The cost of Medicare has been slowing dramatically in recent years, leading to much head-scratching by health economists and much credit-mongering by politicians. President Obama, for instance, claimed earlier this month that his Affordable Care Act is driving down both Medicare costs and the overall cost of healthcare.
Now comes evidence that an entirely different program may deserve more of the credit, at least as far as Medicare is concerned -- the Medicare prescription drug program, enacted under president George W. Bush.
Loren Adler and Adam Rosenberg of the bipartisan Committee for a Responsible Federal Budget make this argument in a post on the web site of the prominent health policy journal, Health Affairs.
After examining Medicare cost projections through the years from the Congressional Budget Office, the pair determined that the prescription drug program, known as Medicare Part D, "has accounted for over 60 percent of the slowdown in Medicare benefits since 2011," though the program accounts for barely 10 percent of overall Medicare spending.
"Through April of this year, the last time the Congressional Budget Office (CBO) released detailed estimates of Medicare spending, CBO has lowered its projections of total spending on Medicare benefits from 2012 through 2021 by $370 billion," the pair write. "The $225 billion of that decline accounted for by Part D represents an astounding 24 percent of Part D spending."
Meanwhile, spending on Parts A and B -- the hospital and general medical insurance -- is projected to decline by only $145 billion. Other major sources of savings include sharp automatic budget cuts known as the sequester ($75 billion) and increased recoveries of improper payments to providers ($85 billion).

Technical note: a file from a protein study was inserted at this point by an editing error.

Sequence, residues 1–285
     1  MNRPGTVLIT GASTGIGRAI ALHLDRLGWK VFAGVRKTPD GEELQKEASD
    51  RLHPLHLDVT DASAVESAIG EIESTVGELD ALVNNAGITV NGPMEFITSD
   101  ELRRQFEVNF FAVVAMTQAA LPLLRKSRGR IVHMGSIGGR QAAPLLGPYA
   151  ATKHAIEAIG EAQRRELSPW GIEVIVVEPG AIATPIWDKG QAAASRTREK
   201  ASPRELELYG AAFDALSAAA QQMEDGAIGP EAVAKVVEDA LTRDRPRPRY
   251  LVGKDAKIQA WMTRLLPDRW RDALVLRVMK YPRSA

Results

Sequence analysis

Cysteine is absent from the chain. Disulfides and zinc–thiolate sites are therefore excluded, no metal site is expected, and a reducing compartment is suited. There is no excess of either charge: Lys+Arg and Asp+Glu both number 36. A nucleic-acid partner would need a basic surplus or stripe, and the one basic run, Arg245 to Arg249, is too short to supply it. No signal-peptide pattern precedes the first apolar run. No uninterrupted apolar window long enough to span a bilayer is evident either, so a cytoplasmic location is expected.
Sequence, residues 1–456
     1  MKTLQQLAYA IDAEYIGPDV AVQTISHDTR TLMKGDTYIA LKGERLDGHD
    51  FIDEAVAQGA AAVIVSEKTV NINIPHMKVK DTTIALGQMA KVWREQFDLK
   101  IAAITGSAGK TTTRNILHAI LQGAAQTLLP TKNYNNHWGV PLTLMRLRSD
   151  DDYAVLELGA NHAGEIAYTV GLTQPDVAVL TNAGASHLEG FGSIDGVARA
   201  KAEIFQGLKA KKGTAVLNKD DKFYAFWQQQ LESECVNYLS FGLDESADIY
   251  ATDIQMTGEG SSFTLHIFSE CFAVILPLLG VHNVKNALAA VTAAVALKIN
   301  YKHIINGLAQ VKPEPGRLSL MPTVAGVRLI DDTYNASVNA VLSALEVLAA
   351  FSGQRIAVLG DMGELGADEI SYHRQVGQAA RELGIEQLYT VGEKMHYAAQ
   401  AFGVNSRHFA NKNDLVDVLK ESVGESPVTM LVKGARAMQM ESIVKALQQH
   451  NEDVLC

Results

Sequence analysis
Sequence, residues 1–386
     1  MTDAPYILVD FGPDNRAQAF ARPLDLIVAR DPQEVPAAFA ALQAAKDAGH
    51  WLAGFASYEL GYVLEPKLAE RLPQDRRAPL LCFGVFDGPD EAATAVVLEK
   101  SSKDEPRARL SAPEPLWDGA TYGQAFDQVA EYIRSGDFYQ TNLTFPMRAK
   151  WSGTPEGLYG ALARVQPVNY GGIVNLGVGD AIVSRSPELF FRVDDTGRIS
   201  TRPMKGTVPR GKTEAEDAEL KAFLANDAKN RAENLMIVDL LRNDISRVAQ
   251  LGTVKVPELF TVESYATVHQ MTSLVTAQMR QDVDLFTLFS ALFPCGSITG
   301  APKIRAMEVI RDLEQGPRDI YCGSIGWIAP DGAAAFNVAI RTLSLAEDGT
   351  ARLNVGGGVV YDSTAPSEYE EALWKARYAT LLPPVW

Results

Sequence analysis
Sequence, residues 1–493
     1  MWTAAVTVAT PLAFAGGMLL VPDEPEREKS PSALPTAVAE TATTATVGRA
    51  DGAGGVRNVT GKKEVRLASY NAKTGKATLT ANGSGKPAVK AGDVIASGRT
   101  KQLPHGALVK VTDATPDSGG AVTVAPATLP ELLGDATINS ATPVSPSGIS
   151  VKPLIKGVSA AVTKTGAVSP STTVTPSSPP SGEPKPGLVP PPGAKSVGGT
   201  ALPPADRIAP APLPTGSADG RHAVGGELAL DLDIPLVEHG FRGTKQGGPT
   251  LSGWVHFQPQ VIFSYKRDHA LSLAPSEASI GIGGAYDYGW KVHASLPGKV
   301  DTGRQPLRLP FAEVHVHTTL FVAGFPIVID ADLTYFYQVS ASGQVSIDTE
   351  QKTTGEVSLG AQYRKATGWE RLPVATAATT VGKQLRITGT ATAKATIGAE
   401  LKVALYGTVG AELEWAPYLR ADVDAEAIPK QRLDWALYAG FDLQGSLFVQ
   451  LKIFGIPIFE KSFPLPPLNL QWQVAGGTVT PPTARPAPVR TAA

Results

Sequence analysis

The pair note that by starting in 2011 -- the year after the Affordable Care Act was enacted -- their analysis "excludes the direct impact of various spending reductions" in the ACA. However, they write, the analysis would reflect ACA savings "to the extent that the Medicare reforms have controlled costs better than originally anticipated."
As card-carrying budget wonks, Adler and Rosenberg are less concerned about who gets credit for the cost slowdown than what the findings suggest for future government spending. And the news, alas, is not necessarily good.
If projections for Parts A and B were declining, that might suggest that the slowdown in Medicare spending was part of some permanent, fundamental changes in the way hospitals and doctors provide health care. But Part A is down only 8 percent while Part B is actually rising, largely due to lawmakers' insistence on reversing scheduled cuts to provider reimbursements.
The fact that Part D is responsible for the lion's share of the savings, the pair write, "is reason to be cautious about its permanence."
"Lower Part D spending primarily stems from the 'patent cliff' – a number of blockbuster brand-name drugs that have lost patent protection, paving the way for cheaper generic competitors — and a decrease in the rate of introduction of new brand-name drugs. It is unclear whether these trends in the prescription drug market will continue or are temporary phenomenon," the pair write, adding: "With the recent rise of specialty drugs, highlighted by the $1,000/pill Hepatitis C treatment Sovaldi, the tide may already be shifting."
In a recent analysis of the Part D slowdown, the CBO concluded that it can be almost entirely explained "by broader national trends in per-capita drug spending that occurred as a result of the pharmaceutical technological slowdown" -- as well as lower-than-expected enrollment in the prescription drug program.
"The decrease in Medicare spending growth has already been a remarkable shift, and prolonging the slowdown in Parts A and B would be a tremendously important contribution," the pair write. "Unfortunately, though, the outsized role that Part D has played in the Medicare slowdown is bad budget news because it may prove fleeting."